The third part of our brain, the pre-frontal cortex, evolved just 40-50,000 years ago the time marking the emergence of human. This cortex allows us to be aware of ourselves, to reflect, and to have foresight and imagination. This part of the brain at times restrains the stirrings of reptilian responses, and gives us the potential, but not the mandate, for being empathetic and compassionate. Franck told the gathering that empathy and conscious awareness is what makes us human. And, Franck concluded, that the extent to which we develop these qualities and act on them, is the extent to which we bring about peace, justice, insight, and compassion.
As I read Franck’s book, I had to ask myself, just how well are we humans meeting his challenge. Which part of our brain is winning out? It would be easy to go into despair over the stories of those whose actions fill the newscasts with tragedy after tragedy—shooters in malls, suicide bombers, parents whose limited frustration tolerance results in child abuse, homophobic harassment, CIA officials who water board and then think information gained is valid, Presidents whose speeches about dead soldiers just don’t feel like he really cares.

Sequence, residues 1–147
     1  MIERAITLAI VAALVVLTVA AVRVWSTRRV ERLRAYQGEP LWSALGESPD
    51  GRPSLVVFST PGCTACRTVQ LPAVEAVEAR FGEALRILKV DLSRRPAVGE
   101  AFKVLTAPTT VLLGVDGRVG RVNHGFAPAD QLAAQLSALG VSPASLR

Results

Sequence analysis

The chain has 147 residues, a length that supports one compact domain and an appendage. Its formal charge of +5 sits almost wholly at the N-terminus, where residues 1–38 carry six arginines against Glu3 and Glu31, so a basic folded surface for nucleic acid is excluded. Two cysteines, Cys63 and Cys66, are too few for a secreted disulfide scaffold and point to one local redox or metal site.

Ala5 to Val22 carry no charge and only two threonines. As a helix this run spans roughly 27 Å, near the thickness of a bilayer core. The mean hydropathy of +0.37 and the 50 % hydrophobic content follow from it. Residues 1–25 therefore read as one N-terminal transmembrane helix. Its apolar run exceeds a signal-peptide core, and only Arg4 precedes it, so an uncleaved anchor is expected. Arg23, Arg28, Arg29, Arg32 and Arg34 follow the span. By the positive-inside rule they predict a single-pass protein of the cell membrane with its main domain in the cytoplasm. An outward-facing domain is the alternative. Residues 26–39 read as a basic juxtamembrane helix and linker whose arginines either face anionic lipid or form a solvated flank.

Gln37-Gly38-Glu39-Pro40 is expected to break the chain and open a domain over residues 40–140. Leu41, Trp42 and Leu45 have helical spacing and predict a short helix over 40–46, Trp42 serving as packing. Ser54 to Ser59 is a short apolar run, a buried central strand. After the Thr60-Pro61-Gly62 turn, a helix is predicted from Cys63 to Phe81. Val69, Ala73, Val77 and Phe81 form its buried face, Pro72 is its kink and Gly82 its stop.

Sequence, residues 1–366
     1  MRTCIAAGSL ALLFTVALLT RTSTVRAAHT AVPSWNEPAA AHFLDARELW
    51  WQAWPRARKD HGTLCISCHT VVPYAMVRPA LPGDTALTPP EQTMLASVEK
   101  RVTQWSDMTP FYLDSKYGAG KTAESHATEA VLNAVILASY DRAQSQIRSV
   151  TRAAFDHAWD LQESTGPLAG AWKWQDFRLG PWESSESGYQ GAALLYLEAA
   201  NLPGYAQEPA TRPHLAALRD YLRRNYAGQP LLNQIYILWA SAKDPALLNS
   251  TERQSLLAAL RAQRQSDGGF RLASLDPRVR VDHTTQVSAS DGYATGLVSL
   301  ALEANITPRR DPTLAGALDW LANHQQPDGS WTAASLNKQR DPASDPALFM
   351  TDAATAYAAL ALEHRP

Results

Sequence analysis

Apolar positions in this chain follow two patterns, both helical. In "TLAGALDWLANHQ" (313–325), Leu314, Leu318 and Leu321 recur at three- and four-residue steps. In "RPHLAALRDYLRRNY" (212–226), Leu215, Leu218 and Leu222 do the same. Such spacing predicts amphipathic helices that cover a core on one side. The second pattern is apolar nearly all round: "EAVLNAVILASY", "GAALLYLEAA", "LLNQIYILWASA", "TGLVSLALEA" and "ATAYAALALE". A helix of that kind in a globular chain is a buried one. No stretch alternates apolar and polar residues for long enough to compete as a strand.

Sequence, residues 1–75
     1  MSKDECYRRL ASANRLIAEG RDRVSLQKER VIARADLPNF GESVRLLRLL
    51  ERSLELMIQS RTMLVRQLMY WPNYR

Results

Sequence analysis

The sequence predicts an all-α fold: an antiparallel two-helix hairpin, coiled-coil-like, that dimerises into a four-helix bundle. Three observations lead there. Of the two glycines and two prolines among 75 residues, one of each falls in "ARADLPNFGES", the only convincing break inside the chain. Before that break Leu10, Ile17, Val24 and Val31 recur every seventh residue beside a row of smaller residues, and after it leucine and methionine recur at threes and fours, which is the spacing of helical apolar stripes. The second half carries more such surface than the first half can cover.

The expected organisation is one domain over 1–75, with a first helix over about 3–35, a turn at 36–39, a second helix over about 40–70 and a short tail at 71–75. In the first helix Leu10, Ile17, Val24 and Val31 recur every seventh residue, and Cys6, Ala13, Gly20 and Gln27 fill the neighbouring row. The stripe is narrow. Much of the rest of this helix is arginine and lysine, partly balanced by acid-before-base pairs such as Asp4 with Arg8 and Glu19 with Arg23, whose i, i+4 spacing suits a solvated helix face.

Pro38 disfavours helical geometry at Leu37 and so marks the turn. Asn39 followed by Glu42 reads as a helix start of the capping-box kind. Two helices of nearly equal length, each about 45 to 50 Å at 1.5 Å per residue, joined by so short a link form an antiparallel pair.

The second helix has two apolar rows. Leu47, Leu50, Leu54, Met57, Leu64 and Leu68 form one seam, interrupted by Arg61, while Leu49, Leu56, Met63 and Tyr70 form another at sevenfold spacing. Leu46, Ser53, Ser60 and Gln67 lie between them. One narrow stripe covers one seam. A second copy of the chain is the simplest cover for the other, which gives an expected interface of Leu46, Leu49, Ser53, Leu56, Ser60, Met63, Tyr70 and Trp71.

I don’t know if humans will ever be able to end our practice of war, wars over ideology, freedom, and resources. Perhaps peace will always be only a pause in a cycle of human affairs. War is complex. Wayne and I were in Dublin a few years back. We were looking for a pub where we could hear some “real” Irish music—not people who were being paid to entertain the tourists, but Irish people singing with and for each other, who would let us join in. Having been given a tip on where to go, we were walking down the street in search of “Donavan’s Pub” when we began to hear singing. As we entered the building we entered a very full room of people, standing room only, men and women, but mostly men, talking in circles throughout the large room, waiters moving through the smoke with pints of Guinness.
On one side there was a large group of people singing, so we slowly made our way towards them. They weren’t singing Danny Boy or Cockles and Muscles. The songs they sang were unfamiliar to us. But as we listened to the words, we began to hear the sentiments—“Free the people…Let them have their say! Free the people, Let them see the light of day!” (sung) They were singing songs against the British in northern Ireland, …rebel songs…
About the time we finished our beer, one of the husky older singers leaned over to us and asked us where we were from, “Seattle, in the States” we said. Then he gave us his most steely eye, and asked: “Which side would you ‘be on?” We were stunned! We had come to just hear some good Irish music, and now we were being asked to take up a side in the war! If we knew what was good for us, we would know to say “Republic of Ireland.” My heart was pounding at that point, and Wayne was quick to say “sure’n we are on your side.”